Our fearless founder is still chalking up zzzz’s in New York – that’s if she’s not too excited to sleep. Let’s wish Julie luck as she heads off to the Stevie Awards for Women In Business, tonight!! Julie is a finalist amongst so many inspiring women; we can’t wait to hear about the winners.
In the meantime here’s a lovely post from Natasha Cubitt (Managing Director) of The Handpicked Collection to inspire you to do great things with your business – she shows you how to:-
GIVE YOUR BUSINESS A PERSONALITY!
It’s a crowded world out there. And I’m not just talking about the M25 on a Friday night or Brighton beach on a hot summer Saturday. I’m referring to the world of business and brands. Lucky consumers now have endless choice when it comes to how and with whom they spend their money, but it makes for a difficult time for us brand owners. These days, we need to work as hard to capture and retain our customer’s attention as we do on developing the product we sell.
And not only has the marketplace burgeoned, but also the media by which companies can communicate, such is the need for new and ever more creative ways of finding and holding onto customers. A marketing plan is no longer simply advertising, PR and some direct mail. Now we have social, viral, MGM, search, email, affiliate, mobile…and on.
I’d like to propose taking a step back from this frantic attention grabbing and look at what will really help to make one’s company stand out amongst all this ‘noise’ – that is, building a brand with personality that people notice and can’t help but connect with. In life, the people we find appealing aren’t the ones who talk the most, dance the fastest, sing the loudest; they’re the ones who capture your imagination through their confidence in who they are and how that exudes from whatever they do.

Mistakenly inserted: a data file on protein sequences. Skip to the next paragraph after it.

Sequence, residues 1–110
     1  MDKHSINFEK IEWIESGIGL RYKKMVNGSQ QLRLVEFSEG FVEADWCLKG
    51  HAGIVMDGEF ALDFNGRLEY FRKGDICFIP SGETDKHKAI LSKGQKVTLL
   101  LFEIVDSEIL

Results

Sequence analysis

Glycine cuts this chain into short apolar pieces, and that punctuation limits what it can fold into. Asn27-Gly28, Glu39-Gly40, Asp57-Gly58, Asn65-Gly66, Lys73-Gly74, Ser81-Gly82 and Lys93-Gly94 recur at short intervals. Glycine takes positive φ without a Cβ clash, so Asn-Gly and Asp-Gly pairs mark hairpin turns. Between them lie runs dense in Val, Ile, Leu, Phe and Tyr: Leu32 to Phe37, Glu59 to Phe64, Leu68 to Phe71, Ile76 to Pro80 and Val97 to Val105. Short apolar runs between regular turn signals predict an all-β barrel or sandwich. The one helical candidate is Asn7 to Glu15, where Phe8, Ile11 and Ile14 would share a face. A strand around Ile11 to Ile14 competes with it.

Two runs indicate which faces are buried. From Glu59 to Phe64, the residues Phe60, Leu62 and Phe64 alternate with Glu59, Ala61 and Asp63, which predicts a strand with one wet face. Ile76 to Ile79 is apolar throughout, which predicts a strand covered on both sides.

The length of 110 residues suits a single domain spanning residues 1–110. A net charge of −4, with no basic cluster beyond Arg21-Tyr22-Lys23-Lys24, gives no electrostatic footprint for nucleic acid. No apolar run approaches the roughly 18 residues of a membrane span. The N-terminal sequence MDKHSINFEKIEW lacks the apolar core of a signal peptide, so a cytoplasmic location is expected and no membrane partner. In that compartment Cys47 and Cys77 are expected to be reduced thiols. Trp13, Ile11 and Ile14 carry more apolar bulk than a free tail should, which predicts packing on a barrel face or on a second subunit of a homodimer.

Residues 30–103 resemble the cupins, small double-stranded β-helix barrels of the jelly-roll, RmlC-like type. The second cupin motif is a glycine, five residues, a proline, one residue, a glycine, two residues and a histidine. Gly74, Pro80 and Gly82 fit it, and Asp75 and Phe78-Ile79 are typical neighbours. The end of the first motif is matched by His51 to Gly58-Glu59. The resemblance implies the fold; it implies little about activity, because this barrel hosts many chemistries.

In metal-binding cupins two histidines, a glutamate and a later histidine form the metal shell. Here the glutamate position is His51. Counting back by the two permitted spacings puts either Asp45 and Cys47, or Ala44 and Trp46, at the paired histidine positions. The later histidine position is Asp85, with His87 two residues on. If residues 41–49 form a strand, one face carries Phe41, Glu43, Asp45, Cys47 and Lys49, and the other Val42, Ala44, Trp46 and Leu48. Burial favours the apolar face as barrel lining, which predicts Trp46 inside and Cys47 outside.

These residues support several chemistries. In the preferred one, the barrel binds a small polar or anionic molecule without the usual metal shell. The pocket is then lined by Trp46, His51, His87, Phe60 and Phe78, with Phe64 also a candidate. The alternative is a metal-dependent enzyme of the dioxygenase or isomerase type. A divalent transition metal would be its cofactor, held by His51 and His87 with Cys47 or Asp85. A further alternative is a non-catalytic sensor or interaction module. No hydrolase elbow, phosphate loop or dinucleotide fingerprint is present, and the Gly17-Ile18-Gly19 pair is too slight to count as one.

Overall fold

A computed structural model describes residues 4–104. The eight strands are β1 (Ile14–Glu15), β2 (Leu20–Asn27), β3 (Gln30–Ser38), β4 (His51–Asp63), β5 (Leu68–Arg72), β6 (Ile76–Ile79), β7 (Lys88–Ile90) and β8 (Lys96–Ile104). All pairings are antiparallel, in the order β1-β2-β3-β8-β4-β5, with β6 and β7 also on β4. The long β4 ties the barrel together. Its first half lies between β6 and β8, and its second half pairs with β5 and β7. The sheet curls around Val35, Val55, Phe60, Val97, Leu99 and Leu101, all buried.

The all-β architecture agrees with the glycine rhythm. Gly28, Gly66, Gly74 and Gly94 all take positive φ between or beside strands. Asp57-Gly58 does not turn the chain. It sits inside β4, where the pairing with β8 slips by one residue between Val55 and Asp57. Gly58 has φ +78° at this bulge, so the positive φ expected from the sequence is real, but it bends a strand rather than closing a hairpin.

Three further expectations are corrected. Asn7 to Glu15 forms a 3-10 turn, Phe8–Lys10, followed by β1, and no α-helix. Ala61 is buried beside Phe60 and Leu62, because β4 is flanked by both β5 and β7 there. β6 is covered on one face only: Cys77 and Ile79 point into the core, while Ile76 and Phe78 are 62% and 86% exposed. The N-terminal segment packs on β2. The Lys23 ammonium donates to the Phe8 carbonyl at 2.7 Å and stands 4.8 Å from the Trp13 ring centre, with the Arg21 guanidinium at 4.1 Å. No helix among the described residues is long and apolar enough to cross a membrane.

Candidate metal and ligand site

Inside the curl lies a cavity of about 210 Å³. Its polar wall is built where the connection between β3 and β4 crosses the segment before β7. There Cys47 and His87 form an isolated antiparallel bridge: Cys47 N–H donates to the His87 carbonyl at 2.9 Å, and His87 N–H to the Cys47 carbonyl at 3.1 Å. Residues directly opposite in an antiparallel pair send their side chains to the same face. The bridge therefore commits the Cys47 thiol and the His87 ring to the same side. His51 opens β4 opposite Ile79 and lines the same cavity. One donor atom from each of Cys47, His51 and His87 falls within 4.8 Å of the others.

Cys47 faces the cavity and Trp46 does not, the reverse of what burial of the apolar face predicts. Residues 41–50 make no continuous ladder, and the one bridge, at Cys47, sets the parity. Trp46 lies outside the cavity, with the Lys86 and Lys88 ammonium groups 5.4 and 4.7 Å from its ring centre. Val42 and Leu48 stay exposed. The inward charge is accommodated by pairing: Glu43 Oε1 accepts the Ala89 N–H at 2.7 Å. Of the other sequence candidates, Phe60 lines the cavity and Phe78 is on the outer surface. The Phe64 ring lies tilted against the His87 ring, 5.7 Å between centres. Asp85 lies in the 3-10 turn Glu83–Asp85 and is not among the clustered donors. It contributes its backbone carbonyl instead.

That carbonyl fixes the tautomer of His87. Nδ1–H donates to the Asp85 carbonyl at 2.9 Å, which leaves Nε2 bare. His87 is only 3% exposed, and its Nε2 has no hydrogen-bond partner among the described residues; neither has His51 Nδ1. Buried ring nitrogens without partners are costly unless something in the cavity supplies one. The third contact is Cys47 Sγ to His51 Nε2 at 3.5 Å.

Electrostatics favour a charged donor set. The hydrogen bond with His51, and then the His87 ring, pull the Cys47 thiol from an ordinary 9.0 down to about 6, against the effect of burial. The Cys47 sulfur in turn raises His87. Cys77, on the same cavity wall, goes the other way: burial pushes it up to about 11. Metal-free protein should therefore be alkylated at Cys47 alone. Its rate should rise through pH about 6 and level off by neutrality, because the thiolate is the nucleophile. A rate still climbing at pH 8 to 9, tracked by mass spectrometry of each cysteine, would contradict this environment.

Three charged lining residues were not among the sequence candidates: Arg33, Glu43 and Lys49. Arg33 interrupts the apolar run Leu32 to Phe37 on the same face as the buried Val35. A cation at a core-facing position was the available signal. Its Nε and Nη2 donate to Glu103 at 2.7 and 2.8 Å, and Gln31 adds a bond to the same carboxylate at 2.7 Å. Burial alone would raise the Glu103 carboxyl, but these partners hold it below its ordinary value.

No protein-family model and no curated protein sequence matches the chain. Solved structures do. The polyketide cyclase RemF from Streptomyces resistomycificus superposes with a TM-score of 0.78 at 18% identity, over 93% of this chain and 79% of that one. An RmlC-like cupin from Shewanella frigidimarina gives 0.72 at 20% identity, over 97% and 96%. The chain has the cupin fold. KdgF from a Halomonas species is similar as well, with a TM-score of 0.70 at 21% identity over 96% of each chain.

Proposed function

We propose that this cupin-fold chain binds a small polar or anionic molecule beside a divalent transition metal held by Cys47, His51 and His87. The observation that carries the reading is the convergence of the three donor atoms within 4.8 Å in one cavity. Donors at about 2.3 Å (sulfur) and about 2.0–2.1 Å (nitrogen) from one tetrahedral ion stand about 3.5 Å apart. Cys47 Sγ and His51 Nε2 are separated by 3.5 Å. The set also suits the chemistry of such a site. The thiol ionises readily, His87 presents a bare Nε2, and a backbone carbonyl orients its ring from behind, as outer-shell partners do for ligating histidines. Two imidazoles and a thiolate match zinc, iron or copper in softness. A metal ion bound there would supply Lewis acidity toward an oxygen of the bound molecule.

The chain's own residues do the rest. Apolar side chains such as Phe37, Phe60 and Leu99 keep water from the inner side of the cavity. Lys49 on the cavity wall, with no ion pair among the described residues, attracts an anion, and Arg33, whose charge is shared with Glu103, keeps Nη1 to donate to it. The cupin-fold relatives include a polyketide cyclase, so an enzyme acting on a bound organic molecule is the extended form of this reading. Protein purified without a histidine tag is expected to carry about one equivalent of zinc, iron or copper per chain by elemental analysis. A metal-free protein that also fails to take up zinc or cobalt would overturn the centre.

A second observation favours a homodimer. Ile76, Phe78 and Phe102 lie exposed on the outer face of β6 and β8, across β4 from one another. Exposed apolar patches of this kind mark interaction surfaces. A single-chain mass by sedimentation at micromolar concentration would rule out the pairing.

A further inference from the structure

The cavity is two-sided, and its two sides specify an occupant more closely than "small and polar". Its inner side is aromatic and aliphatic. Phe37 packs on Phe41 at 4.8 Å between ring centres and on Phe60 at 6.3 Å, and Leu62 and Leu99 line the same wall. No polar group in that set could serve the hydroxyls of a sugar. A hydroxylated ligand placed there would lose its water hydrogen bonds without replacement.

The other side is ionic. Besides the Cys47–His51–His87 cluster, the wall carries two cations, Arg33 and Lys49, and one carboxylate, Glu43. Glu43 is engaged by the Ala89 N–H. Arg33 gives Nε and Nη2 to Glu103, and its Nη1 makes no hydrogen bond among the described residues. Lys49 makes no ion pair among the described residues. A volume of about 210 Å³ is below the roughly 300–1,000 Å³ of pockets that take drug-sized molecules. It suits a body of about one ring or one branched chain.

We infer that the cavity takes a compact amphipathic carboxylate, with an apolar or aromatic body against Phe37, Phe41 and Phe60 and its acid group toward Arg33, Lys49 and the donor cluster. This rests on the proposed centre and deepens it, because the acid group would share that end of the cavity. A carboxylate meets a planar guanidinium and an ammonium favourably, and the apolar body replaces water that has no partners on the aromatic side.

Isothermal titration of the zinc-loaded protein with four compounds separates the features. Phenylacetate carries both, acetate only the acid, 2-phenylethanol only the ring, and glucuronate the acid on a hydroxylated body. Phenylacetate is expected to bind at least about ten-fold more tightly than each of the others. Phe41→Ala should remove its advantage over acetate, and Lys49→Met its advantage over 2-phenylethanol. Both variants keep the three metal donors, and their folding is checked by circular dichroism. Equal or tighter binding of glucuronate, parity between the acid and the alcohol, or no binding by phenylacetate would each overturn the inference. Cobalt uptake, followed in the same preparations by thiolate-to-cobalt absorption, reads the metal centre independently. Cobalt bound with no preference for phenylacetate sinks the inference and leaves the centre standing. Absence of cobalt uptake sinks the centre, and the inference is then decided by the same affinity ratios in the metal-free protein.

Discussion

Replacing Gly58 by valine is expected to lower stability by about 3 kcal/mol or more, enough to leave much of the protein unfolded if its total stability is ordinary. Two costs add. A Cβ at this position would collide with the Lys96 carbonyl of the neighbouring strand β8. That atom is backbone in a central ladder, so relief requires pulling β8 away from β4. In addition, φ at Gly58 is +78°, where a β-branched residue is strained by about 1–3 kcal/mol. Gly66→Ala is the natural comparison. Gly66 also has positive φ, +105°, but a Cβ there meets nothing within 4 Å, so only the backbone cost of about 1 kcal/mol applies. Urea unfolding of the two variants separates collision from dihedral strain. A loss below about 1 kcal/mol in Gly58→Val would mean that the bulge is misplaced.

5 TIPS to give your company a magnetic personality –
which will lead to your customers becoming loyal advocates of your brand and product.
1. Know your audience
Firstly, it might be worth taking a step back to make sure you and your team know your customer inside out. It’s quite possible that your customer profile may have changed over time and they might differ from the audience you originally set out to target. Create a ‘mood board’ for each of the generic types of customer that you have and display them prominently for your team to see. Show visual imagery for the things they like doing, the holidays they take, the food they eat, the other brands they shop with, the publications they read, even the pets they have. This very simple visual reminder will serve as business sat nav – to make sure whatever you do is on track for your customers.
Now do the same for your brand – use imagery to build up the picture of what you stand for – consistent with your brand values. Building this mood board and making sure that there aren’t gaps between this and your customer boards will prove clear synergy and prevent you from going off track. When considering a new tack, you can look at your boards and quickly establish whether the initiative makes sense to your brand’s personality and your customer’s expectation of it.
2. Language is key